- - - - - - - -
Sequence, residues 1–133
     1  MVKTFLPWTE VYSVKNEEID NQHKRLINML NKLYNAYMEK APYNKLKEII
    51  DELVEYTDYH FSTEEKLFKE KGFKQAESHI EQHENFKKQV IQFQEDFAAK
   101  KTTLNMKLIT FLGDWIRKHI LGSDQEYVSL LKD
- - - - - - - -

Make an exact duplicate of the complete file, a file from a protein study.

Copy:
Sequence, residues 1–133
     1  MVKTFLPWTE VYSVKNEEID NQHKRLINML NKLYNAYMEK APYNKLKEII
    51  DELVEYTDYH FSTEEKLFKE KGFKQAESHI EQHENFKKQV IQFQEDFAAK
   101  KTTLNMKLIT FLGDWIRKHI LGSDQEYVSL LKD